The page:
Four sistersI am sure raising four girls was not easy.  I am even more positive that raising four girls on a hog farm when the market dropped in the 80’s and again in the 90’s was not easy.  We made it work though and no one ever went without.  We were taught to work hard, and given that we were girls, were taught that we COULD do the work.  Oh sure, there were jobs we did not like doing and some of us could get out of those jobs (Jody), but at the end of the day I think we will all say that growing up on the farm made us confident, hardworking, dependable and trustworthy individuals.


Now I have two young girls who I am raising on the farm.  They are both unique and different in their own ways.  One is tall and lanky and smart as a whip.  The other is a ball of fire and already as strong as an ox.  Together they are best friends and each other’s favorite playmate.  Together they show me every day that what I do is more important than what I say.  If I say, “time to do chores,” but I never go out and help, that shows them that as a mom I don’t do that type of work.  If I say, “it is time for chores everyone,” and go out and help and spend time with them, that shows that as a mom I enjoy being with them and that we all have to do our share on the farm.


As our farming story continues, I hope you have realized that the joy I have in sharing comes from a life time of being on the farm.

Blessings to you and farm women everywhere,

Laurie – Country Link



Cold and Snow

As I sit in our nice warm house listening to howling winds outside, I think back to yesterday.  Yes, yesterday.  As in January 4th. When it was just Cold and Snow outside.

No wind chills in the negatives.  No additional 4-6 inches of snow.  No single digit temperatures.  Just a regular winter day in north Missouri.  A day where the kids were able to spend time playing outside, we shoveled the snow off of the sidewalks, hauled more firewood up to the house, set some brush piles on fire, made sure the pets were nice and warm, rolled out large round bales of hay for the cows and welcomed a bottle calf to the family.  Just a regular day of Cold and Snow for a farm family.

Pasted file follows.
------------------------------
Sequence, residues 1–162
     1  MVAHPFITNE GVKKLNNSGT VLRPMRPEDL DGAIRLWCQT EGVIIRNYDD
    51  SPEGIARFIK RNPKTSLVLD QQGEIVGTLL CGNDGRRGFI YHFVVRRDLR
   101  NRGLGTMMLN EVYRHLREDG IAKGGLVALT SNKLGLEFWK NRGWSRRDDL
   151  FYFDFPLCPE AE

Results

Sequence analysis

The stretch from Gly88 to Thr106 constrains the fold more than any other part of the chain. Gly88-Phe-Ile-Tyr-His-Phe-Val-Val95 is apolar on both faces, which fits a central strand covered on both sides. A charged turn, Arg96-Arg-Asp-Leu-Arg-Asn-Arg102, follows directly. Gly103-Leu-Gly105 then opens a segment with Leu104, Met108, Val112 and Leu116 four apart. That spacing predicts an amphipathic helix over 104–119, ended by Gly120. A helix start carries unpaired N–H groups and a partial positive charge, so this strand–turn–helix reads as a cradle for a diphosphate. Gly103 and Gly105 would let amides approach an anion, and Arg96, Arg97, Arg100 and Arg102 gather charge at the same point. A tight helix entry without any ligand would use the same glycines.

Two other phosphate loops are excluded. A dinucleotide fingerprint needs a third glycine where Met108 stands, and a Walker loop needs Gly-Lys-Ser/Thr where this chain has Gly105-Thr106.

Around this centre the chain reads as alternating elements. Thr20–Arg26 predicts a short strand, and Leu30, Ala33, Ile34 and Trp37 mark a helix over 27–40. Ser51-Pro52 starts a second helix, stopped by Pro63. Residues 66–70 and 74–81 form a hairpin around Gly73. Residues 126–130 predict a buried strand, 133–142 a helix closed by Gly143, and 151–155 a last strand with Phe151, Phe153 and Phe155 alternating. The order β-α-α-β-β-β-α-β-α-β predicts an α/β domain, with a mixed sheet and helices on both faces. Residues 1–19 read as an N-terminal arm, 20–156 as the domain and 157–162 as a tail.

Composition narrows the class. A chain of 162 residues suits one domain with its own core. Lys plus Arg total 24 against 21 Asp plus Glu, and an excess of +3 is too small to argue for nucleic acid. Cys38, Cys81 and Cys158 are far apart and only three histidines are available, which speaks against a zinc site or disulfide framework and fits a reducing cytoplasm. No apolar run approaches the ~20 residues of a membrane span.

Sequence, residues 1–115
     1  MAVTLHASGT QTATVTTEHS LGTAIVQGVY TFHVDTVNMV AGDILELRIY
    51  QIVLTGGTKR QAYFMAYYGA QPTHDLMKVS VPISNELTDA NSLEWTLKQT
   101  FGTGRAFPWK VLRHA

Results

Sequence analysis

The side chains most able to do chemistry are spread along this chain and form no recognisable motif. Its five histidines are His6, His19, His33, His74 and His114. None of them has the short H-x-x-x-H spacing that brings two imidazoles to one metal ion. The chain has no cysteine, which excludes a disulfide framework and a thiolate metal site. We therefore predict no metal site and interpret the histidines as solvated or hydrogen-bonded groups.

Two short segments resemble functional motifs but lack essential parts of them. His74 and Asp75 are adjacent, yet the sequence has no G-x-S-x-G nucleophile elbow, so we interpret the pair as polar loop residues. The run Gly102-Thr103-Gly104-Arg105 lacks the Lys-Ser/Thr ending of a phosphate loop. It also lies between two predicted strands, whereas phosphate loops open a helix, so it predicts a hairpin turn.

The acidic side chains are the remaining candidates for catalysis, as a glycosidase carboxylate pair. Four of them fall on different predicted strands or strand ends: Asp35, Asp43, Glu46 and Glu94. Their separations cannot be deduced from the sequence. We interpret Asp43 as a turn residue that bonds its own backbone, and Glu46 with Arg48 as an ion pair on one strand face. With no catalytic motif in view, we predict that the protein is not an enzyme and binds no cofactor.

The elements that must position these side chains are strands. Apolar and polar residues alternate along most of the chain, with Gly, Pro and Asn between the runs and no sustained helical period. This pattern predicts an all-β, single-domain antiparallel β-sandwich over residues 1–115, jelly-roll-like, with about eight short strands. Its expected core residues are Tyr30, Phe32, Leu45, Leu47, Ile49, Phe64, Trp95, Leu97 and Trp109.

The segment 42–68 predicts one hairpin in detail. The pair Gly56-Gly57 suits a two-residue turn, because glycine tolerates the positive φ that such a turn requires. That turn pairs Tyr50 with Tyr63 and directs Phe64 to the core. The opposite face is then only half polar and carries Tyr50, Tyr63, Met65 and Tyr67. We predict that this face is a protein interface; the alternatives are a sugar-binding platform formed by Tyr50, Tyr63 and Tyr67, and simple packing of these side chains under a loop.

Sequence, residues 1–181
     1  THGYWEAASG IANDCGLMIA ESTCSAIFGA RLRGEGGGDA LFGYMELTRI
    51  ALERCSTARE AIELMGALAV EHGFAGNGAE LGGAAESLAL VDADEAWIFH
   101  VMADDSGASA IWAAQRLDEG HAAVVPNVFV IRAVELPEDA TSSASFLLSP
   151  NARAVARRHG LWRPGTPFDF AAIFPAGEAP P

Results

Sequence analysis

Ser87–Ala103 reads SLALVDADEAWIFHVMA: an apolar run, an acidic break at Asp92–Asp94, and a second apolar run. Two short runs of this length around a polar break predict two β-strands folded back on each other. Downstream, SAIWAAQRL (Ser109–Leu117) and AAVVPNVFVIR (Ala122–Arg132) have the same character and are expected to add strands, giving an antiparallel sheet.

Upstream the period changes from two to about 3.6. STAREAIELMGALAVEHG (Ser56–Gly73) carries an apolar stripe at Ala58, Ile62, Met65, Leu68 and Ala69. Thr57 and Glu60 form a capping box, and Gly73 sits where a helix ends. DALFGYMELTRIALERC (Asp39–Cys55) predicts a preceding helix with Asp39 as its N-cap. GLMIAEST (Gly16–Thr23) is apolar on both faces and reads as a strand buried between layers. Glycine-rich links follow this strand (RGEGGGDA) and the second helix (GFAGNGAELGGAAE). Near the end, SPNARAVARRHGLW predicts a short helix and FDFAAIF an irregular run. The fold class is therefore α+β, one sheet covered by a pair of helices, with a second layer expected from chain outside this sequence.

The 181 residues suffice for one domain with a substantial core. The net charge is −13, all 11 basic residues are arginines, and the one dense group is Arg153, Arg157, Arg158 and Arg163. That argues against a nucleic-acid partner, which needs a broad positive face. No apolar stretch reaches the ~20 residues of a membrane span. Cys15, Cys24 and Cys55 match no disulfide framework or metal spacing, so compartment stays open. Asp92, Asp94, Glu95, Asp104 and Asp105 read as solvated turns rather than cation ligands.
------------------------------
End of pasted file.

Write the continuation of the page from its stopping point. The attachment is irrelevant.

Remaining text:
Cold and Snow 2

Cold and Snow 1

Snow and Cold 5

Cold and Snow 7

Sally the Bottle Calf

Cold and Snow 8

Snow and Cold 4

Cold and Snow 6

Cold and Snow 3

As you can see, yesterday was a good day.  Today, however, is not a nice day.  So please everyone, if you are being blasted by the arctic temperatures and gale force winds, stay safe.

Here is a list of some very good TIPS complied by Janice Person ~  A Colorful Adventureon how to survive extreme cold.

Blessings to you and to all those working outside on days like this,

Laurie – Country Link

*Title for this post was suggested by our 4 year-old, Tessa.  When asked what is it like outside, she said, “Cold and Snow”.

Farm Picture Friday #27

FPF #27 - Mineral Time

As you have probably guessed by now, I love to take pictures.  I love capturing a moment, a feeling, an expression.  I love watching from the sidelines and taking pictures of the action and movement going on in front of me.  I love taking pictures of the Country Link Kids.  I love having friends and family who will let me take their picture and then seeing that picture displayed in their homes. But most of all I love capturing a special moment like today’s Farm Picture Friday.

This is E.  I was able to spend the afternoon with him and his family.  At the end of our time together, his Papa asked if I wanted to hop in the truck and go with them to feed mineral to the cows.  It was a perfect opportunity to capture those moments that I love, but was also a chance to give this wonderful family a picture that I hope will be cherished for years to come.

A big thank you to the G. Family for allowing me to spend some time with them this afternoon and for letting me use this picture for today’s Farm Picture Friday.

Blessings to you and all little cattlemen,

Laurie – Country Link